Ancestor and Descendant: A Conversation with Steven G. Fullwood

Interview by Steven D. Booth

Steven G. Fullwood (he/his) is an archivist, documentarian, and writer. His published works include Black Gay Genius (co-edited with Charles Stephens, 2014), To Be Left with the Body (co-edited with Cheryl Clarke, 2008) and Carry the Word: A Bibliography of Black LGBTQ Books (co-edited with Lisa C. Moore, 2007). He is the former assistant curator of the Manuscripts, Archives & Rare Books Division at the Schomburg Center for Research in Black Culture. In 1998, he founded the In the Life Archive (ITLA) to aid in the preservation of materials produced by LGBTQ people of African descent. Fullwood is the co-founder of The Nomadic Archivists Project, an initiative that partners with organizations, institutions, and individuals to establish, preserve, and enhance collections that explore the African Diasporic experience. In 2005, Fullwood was honored with a New York Times Librarian Award.

Steven D. Booth: Tell us about your background (i.e., who you are, where you work, and what you do).

Steven G. Fullwood: I was born and raised on the southside of Toledo, Ohio in a white-flight neighborhood called Kuschwantz1, which was one of two Polish settlements in the early 20th Century. My parents, a Southern father and a Midwesterner mother, are descendants of farmers, preachers, hustlers, domestics, and handymen. My dad sang gospel in a short-lived trio called the Horns of Zion, and my mother was a reader. She would read anything if it caught her attention. Mom loved romance and horror books. I grew up in a musical and literary household with lots of television. I’m the third of five children, the pesky middle kid. And I tried to be a singer and musician, but I’m no good at either so I gave it up. I hold two degrees, a BA in English and Communications from the University of Toledo, and an MLIS from Clark Atlanta University. For over 19 years, I was an archivist, associate curator, and finally assistant curator at the Schomburg Center for Research in Black Culture, New York Public Library.

What a privilege it was to work with the best archivists, curators, staff, pages, etc., ever. The Schomburg Center taught me virtually everything I needed to know about Black archives, their importance, context, and politics here and globally. I left the Schomburg in 2017 to learn how to make films and be an independent archivist. At the end of 2017, Miranda Mims approached me to see if I wanted to collaborate with her on a community project, and that’s how the Nomadic Archivists Project was born. Since then, we’ve developed a Black podcast archive, co-host In the Telling, a Black family podcast, and awarded our first scholarship to a student studying archives. I love coalition building with Black and Brown communities about the different ways we archivists and other memory workers can help them preserve our stories.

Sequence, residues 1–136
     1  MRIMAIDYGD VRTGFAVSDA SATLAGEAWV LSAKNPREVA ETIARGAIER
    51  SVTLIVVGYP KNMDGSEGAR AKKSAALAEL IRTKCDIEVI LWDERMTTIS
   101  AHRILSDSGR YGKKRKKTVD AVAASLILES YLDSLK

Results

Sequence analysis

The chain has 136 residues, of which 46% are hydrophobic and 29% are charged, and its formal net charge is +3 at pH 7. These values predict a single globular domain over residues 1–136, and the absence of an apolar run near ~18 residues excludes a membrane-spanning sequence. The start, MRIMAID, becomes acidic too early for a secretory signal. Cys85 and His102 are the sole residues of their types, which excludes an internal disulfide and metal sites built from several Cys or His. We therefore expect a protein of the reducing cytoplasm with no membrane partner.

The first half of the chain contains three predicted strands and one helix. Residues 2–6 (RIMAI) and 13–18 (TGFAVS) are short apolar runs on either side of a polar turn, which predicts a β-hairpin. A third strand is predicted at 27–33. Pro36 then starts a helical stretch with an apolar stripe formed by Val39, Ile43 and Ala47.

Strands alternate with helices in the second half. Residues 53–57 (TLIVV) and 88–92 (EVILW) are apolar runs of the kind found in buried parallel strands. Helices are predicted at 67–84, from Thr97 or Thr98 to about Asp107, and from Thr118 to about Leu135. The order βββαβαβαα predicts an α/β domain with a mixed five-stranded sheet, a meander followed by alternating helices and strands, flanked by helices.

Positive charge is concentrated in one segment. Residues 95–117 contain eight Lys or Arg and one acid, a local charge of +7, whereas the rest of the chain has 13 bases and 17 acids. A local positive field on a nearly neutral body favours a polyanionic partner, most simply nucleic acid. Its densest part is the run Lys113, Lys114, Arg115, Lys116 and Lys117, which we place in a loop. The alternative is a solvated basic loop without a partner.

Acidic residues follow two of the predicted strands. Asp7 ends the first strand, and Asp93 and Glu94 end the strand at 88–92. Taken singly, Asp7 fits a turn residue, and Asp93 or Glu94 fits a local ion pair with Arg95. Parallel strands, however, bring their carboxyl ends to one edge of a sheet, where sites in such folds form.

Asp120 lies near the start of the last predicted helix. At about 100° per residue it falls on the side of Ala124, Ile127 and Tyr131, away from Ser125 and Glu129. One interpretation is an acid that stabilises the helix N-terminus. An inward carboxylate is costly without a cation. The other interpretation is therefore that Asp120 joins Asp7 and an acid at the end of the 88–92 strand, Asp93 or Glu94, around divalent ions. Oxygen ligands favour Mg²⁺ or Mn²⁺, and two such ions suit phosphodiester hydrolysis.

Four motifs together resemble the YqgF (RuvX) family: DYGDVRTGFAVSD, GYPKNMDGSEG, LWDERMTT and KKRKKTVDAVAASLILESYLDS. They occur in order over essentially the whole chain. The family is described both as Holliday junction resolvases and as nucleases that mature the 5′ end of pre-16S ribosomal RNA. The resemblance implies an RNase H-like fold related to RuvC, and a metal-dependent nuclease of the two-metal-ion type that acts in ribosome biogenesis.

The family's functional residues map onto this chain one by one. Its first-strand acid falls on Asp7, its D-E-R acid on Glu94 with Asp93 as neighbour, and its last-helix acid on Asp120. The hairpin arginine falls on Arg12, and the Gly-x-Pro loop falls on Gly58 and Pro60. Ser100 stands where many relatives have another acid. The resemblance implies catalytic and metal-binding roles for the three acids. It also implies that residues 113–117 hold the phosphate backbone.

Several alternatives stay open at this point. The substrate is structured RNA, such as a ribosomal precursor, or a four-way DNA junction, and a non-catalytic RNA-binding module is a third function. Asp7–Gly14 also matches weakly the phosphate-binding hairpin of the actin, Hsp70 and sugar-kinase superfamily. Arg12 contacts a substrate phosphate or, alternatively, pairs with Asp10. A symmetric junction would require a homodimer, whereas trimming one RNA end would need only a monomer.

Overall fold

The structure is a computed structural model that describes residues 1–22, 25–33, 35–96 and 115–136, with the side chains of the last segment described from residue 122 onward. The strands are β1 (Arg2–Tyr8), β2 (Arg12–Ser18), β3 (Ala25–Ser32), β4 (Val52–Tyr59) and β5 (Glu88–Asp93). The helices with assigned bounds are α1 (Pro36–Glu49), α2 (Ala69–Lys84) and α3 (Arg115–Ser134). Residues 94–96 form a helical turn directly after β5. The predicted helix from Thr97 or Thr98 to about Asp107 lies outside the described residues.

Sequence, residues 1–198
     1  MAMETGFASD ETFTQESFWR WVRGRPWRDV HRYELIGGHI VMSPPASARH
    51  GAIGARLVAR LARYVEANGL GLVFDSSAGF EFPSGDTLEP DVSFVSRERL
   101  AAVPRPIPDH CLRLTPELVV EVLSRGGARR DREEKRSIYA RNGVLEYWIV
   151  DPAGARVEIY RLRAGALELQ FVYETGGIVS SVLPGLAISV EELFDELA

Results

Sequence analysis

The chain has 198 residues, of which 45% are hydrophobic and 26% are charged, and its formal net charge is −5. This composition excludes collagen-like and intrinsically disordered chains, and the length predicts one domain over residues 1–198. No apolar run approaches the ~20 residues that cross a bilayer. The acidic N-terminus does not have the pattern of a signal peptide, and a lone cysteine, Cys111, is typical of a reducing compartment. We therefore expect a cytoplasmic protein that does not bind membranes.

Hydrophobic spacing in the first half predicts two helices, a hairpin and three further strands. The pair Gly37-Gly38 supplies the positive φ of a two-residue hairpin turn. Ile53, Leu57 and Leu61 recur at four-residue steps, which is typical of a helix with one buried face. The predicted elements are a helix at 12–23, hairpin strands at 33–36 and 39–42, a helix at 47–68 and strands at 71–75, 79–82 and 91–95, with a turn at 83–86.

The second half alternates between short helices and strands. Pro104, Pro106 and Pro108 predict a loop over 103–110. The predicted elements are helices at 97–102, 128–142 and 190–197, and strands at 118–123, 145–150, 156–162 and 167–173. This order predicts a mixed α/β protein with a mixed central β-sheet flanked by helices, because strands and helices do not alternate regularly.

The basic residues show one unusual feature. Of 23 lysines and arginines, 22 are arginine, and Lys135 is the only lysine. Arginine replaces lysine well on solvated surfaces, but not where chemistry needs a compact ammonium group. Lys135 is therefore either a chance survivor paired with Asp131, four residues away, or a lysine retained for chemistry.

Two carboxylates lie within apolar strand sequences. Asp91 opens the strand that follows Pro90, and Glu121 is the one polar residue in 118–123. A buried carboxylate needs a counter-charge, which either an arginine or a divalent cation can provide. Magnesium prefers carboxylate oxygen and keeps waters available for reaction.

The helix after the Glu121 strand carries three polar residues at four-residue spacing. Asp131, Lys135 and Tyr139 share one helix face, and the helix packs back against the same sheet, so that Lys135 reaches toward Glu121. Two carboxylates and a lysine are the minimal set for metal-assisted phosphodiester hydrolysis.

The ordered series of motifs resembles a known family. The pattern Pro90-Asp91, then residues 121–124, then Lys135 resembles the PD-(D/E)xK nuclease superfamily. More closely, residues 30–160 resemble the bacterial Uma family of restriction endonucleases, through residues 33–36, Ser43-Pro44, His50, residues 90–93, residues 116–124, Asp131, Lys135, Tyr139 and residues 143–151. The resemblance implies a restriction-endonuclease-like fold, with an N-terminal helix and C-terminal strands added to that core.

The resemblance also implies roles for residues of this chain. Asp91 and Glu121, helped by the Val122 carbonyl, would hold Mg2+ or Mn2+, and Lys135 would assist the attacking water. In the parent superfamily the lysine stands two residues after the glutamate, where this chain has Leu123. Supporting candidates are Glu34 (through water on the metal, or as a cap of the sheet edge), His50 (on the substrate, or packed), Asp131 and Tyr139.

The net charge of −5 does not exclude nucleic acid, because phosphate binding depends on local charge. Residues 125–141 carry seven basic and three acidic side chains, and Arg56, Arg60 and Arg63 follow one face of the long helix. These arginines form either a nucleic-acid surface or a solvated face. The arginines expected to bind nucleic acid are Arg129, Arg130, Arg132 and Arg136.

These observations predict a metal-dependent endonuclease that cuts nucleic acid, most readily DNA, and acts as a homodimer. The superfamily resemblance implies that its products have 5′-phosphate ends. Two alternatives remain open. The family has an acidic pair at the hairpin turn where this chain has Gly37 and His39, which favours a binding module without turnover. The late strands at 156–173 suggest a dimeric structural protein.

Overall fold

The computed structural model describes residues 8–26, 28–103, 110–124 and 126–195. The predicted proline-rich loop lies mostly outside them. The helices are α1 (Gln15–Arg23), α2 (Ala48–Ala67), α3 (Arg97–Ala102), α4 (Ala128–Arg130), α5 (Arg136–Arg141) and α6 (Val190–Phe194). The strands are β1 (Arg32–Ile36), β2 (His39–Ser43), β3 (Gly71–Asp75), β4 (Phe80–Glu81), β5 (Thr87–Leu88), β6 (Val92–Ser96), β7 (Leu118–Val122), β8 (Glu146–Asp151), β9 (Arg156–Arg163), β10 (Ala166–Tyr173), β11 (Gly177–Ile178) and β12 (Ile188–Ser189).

SDB: Tell us something that most people don't know about your work but that is crucial to do the work.

SGF: Archives really chose me, not the other way around. And I think those who feel compelled to do this kind [of] work would agree with me. It’s infectious because it feeds you in ways that can surprise you. It’s a lens from which you can better understand not just history, but people, culture and, for me, it transcends the boundaries of physical representations of memory.

Processing a collection is a form of storytelling in and of itself, providing access for researchers and simultaneously planting seeds for stories wanting to be born. It’s a generative practice, very fluid and inspiring and inherently political. Whose stories, and where are they archived? What’s crucial to doing archival work is knowing that you’re assisting in not just putting down the history, but you are a conduit for a certain kind of energy transfer. Archivists can be great storytellers and fine ambassadors for the field itself because [they are] able to make archives accessible and relatable. By contrast, archivists can also either help or hurt a cause based on what they collect and how they present collections.

I think I was born to be an archivist. As a kid, I collected and arranged my comics. Created lists of those comics. In my teens I began to write stories and journal. [I] took photographs of my neighborhood and developed an interest in genealogy. In 1989, I interviewed my mother for a book project on Black women in Toledo (never finished it, but just had the cassette tapes digitized). A decade later, I was at the Schomburg being taught to be responsible for the stories of our communities, diasporically, which was like being in college for nearly two decades. It’s a responsibility that one never quite learns completely. I see it more as a practice.

The African diaspora was revealed to me in a way that I couldn’t have learned any other way, and not just through cultural evidence filling the Schomburg’s shelves, but through the people who worked there, firsthand. There was nothing like being with a group of culture keepers, immigrants, activists, thinkers, etc., who did great work and often had outside interests in performing music, building community organizations, being active in social and political demonstrations, etc. This was the world in which I was nurtured and offered a space to make a contribution, specifically in the case of and for the Black LGBTQ community.

SDB: In your work at the Schomburg as a curator, how did you interact with the concept of documenting the loss and/or capture of Black cultural heritage collections, sites, memory, etc.? How much of it was about either preventative capture or post-memorial about loss?